When The Independent reached out to the Foreign Office, it received the same automated response, quoting Foreign Secretary Dominic Raab: “The Foreign Office has chartered three more flights for British travellers in Peru – as well as domestic flights to help those in Cusco. We continue to work around the clock to help British travellers struggling to get back to the UK and thank the Peruvian government for all their support in making this happen.”
The local Indian Embassy has assured its stranded citizens that all accommodation and food would be covered for them, Indian travellers in the hostel have told Madlani.
“Surprise, surprise, we are yet to hear anything from [the British government] about this or anything else that is going on.”
Last week, Kate Green, the Labour MP for Stretford and Urmston, raised the issue of those stuck in Peru to Raab in parliament. He assured Green: “We will look to do everything we can to provide support and advice for those that need it to return them.”
“It would just be nice to hear a human voice, to know they’re doing all they can and that they care,” Forkan said. “Instead we’ve just had the one programmed response saying the government is aware of what’s going on. Our family and friends said they’ve heard nothing either.”
Those stranded and their families have created a Twitter account, with the username @ukstuckinperu, to raise awareness of the situation and demand that both the Foreign Office and Peru’s British Embassy take action. The Embassy in particular is facing backlash for closing its doors when the lockdown was announced in Peru. Both its phone number and email, which British nationals like Forkan are being told to contact, are either generating automated responses or ringing out, those stranded say.
Kate Harrison, the British Ambassador to Peru, has been bombarded with requests to respond to questions and calls for help made by those stuck in Cusco, Lima, Iquitos, as well as Peru’s second largest city Arequpia where 44 others are stranded. Harrison told The Independent that her “complicated schedule” meant she couldn’t comment on the current situation. The embassy did not reply to request for further comment.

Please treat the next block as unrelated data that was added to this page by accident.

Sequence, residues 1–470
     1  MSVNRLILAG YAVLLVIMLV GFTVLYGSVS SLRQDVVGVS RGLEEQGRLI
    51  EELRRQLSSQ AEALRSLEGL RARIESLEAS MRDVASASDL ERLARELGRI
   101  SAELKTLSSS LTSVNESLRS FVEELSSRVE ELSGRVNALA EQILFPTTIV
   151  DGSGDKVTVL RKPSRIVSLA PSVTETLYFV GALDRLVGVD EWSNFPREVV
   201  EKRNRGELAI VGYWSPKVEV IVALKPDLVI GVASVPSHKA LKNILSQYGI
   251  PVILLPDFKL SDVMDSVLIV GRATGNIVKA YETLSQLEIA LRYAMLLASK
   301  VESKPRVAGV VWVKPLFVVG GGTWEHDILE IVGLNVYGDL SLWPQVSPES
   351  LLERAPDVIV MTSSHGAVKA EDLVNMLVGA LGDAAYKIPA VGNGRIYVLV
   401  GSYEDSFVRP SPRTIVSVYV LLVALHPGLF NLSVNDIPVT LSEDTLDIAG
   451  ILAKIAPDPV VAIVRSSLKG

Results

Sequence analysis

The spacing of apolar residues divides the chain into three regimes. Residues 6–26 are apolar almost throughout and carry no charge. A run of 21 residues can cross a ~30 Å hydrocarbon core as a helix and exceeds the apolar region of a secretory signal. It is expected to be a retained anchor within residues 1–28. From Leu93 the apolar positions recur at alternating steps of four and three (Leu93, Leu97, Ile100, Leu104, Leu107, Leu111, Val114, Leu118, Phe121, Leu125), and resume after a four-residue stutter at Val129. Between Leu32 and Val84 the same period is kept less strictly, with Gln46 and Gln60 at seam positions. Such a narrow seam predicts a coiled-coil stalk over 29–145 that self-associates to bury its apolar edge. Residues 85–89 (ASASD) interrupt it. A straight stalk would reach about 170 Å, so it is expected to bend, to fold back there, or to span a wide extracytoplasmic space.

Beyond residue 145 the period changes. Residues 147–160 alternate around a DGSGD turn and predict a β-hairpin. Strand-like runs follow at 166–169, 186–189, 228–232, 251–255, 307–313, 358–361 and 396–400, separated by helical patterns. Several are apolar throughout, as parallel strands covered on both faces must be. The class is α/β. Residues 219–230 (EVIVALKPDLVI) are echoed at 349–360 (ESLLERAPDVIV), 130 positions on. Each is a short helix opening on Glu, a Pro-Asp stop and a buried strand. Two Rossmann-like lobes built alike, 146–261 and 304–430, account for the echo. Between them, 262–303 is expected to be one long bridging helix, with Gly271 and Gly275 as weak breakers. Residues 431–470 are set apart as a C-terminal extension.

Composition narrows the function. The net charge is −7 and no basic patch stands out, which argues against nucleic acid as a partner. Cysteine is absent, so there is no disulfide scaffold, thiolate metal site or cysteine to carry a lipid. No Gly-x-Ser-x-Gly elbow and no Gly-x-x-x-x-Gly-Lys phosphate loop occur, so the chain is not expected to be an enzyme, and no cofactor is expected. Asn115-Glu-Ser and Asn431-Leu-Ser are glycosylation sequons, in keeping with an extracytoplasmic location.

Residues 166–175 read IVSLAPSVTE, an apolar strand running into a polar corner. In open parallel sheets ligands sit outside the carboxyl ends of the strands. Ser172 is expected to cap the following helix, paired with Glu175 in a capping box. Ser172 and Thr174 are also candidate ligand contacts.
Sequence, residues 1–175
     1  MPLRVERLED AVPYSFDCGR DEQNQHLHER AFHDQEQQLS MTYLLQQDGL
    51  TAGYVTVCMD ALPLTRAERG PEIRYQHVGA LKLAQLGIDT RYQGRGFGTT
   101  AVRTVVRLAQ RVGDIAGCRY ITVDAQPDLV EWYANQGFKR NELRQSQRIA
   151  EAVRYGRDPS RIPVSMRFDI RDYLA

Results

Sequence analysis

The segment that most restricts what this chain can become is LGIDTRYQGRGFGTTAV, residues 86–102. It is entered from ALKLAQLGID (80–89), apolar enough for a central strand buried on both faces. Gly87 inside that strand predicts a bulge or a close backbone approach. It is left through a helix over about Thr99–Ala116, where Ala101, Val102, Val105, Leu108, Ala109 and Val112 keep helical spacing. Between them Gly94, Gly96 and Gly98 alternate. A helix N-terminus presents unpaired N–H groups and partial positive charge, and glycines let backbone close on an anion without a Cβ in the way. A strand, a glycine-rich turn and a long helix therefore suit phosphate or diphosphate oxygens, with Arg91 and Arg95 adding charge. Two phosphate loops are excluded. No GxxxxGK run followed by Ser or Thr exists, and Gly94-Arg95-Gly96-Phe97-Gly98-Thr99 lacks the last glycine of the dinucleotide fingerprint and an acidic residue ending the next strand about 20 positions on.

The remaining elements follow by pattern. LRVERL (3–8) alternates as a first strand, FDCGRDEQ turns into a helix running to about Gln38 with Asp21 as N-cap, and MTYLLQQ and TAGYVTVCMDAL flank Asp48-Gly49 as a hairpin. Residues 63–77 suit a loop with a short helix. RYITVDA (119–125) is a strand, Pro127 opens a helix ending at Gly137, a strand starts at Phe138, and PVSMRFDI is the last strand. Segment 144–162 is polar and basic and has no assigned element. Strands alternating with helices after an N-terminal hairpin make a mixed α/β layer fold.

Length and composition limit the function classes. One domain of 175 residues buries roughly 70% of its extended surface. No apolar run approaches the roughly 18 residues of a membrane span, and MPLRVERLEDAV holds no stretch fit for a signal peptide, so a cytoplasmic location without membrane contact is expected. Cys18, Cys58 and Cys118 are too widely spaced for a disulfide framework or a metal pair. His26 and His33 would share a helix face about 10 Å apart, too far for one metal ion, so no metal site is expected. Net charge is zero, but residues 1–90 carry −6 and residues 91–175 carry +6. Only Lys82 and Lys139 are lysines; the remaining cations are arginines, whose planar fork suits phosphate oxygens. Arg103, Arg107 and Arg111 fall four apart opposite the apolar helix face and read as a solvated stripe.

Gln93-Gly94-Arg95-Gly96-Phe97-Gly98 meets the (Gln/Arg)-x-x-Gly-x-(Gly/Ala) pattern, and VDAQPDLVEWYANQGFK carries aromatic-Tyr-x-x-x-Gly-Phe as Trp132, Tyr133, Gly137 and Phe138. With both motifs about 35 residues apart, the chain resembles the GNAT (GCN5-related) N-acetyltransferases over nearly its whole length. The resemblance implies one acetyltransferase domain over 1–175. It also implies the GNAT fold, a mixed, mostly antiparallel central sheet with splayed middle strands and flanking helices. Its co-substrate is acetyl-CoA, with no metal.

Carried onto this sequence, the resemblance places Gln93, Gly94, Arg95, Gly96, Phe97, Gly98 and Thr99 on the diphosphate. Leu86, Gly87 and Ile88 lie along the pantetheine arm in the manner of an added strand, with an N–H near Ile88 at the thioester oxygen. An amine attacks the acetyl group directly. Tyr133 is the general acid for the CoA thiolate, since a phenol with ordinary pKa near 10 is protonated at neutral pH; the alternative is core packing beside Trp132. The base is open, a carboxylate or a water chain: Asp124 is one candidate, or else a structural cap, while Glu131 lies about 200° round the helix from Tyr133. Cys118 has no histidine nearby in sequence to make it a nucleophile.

Harrison took to her Twitter account on Wednesday to praise British Airways for flying roughly 200 British nationals home on the first repatriation flight from Lima, and shared a video message on Friday to give an update on what she described as the process of sending home those “who wanted to return to the UK”.
The ambassador did not disclose how the hundreds of people trapped in their hostels, unable to leave and make the journey from places like Cusco (a 20-hour coach ride or one-and-a-half-hour plane journey from Lima), can hope to make the journey to Lima and be sent back to London.
Peru’s British Embassy announced on Friday, via its Twitter page, that two additional BA flights had been chartered to “continue helping British nationals get back home”. But Forkan and Dennison said they aren’t hopeful they’ll be on either plane, unless they’re tested and can “hopefully” prove they’re negative and so not at risk of spreading the disease.
Meanwhile Madlani, who once worked as a psychological well-being practitioner, said: “It’s only a matter of time before all of this starts taking a massive toll on our physical and mental wellbeing.”
“We just want to go home,” Forkan and Dennison said. “And the longer we’re left in this hostel, which is now a breeding ground for the virus, the less likely that is of happening.”